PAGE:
A growing number of countries are implementing GHG emissions trading schemes from the regional and national to the local level. However even as the number of different schemes grow, there are still few linkages between them. Major cap-and-trade proposals are undergoing important stages in their development, especially in the United States, Japan and Australia, some of which explicitly emphasize the aim of linking up to other schemes, and one of the strategic goals of European climate policy is linking the EU ETS with other comparable schemes.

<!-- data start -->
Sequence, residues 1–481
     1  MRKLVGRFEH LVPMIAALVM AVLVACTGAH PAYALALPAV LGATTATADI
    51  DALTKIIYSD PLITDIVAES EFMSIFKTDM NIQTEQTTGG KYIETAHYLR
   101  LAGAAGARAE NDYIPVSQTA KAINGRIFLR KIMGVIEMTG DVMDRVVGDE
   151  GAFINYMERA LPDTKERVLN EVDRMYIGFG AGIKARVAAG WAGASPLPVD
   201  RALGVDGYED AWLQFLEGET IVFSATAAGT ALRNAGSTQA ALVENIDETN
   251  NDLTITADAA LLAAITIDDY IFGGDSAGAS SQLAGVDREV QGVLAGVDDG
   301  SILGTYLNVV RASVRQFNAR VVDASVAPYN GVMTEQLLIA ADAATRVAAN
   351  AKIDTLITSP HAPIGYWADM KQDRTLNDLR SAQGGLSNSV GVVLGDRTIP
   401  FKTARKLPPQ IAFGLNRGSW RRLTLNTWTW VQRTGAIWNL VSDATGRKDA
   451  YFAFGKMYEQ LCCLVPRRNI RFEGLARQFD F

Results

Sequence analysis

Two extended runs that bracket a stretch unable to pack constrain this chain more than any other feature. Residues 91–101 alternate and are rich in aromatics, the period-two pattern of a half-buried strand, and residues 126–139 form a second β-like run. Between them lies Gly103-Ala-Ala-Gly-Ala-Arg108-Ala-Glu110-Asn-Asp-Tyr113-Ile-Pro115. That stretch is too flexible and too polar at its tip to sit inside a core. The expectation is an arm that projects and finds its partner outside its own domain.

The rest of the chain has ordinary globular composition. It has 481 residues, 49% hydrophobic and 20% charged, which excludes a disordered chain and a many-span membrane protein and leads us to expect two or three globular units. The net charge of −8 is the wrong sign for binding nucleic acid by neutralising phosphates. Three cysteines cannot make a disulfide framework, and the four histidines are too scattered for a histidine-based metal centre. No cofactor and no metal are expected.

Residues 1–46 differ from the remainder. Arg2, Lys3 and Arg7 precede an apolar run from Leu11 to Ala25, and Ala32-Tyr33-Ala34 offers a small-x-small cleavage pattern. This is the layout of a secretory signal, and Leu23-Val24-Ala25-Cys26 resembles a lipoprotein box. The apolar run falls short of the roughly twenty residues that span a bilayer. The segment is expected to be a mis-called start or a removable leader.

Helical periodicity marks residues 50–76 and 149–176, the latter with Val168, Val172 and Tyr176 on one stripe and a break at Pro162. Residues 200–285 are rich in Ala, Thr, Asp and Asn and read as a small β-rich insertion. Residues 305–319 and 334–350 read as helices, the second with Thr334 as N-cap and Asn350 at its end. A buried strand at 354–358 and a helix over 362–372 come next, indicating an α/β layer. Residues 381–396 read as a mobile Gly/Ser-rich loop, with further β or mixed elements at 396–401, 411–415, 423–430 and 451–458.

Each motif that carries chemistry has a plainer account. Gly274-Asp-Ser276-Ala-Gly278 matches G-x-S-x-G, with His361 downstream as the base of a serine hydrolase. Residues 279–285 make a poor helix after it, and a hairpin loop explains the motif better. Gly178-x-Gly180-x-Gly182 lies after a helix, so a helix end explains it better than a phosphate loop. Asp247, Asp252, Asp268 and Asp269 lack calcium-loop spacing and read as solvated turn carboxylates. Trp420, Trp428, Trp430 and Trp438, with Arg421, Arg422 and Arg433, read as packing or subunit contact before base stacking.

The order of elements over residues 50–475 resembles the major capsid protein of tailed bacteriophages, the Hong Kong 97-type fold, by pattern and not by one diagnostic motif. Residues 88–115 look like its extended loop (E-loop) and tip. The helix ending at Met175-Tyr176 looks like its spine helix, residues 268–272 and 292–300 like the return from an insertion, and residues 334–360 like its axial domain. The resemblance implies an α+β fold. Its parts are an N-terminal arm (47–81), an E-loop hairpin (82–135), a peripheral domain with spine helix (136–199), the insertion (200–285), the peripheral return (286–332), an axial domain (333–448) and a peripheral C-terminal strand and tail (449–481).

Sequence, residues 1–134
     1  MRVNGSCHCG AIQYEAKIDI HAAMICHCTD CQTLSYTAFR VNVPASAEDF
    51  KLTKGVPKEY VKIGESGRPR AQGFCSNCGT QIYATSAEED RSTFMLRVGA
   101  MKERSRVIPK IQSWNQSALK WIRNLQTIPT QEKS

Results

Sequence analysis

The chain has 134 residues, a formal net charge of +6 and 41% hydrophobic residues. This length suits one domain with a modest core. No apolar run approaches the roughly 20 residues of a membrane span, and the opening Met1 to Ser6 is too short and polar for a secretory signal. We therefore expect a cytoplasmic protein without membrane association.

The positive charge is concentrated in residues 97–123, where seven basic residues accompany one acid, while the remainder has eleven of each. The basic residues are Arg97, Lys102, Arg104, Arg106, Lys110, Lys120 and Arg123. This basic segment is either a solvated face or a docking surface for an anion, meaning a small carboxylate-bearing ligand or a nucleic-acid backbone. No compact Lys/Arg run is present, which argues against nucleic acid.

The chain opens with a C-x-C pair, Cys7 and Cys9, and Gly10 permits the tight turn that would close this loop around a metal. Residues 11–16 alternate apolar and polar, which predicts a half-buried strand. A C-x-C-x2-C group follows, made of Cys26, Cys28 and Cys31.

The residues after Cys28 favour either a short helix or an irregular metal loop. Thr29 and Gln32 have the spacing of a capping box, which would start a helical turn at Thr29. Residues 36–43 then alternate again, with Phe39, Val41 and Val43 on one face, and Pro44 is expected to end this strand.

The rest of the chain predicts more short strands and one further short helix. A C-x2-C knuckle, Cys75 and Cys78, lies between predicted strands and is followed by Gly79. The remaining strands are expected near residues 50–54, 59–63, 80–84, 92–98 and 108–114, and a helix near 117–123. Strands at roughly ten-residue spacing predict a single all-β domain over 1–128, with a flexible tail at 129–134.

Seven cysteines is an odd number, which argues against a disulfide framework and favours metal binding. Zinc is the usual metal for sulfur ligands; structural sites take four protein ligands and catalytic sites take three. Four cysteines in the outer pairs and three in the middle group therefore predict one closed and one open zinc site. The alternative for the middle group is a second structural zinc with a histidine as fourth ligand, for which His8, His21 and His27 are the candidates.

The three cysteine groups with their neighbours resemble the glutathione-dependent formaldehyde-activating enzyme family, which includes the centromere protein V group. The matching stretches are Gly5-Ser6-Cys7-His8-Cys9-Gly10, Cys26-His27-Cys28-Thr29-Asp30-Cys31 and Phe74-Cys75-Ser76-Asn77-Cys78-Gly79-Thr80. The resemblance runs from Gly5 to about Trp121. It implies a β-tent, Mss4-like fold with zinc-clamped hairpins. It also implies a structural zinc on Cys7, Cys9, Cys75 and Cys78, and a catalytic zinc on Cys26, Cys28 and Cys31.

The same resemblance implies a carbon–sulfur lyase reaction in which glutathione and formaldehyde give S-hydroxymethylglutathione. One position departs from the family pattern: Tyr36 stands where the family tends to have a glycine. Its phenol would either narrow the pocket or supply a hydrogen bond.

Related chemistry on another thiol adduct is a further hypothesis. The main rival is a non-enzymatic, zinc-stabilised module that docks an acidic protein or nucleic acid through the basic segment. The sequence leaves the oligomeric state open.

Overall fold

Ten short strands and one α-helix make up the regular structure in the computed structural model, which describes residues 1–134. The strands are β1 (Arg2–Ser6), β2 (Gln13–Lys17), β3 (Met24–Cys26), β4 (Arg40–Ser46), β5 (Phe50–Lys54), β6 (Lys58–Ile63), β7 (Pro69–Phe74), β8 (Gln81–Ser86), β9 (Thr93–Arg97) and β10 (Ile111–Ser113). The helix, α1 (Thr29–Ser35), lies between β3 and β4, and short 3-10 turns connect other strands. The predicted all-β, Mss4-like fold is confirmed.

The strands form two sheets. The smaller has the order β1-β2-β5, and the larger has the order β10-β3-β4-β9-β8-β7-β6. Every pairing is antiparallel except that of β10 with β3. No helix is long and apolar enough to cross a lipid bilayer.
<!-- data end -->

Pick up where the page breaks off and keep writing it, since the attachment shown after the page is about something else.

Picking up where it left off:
The research presented in this volume on actual economic, political and institutional constraints and implications is now essential examining the role of linking trading schemes for the development of the post-Kyoto climate architecture and for increasing linkage between schemes. The research will be relevant to the scientific community and for policymakers who are involved in the design of emerging trading scheme and offset mechanisms, as well as in designing the post Kyoto climate regime.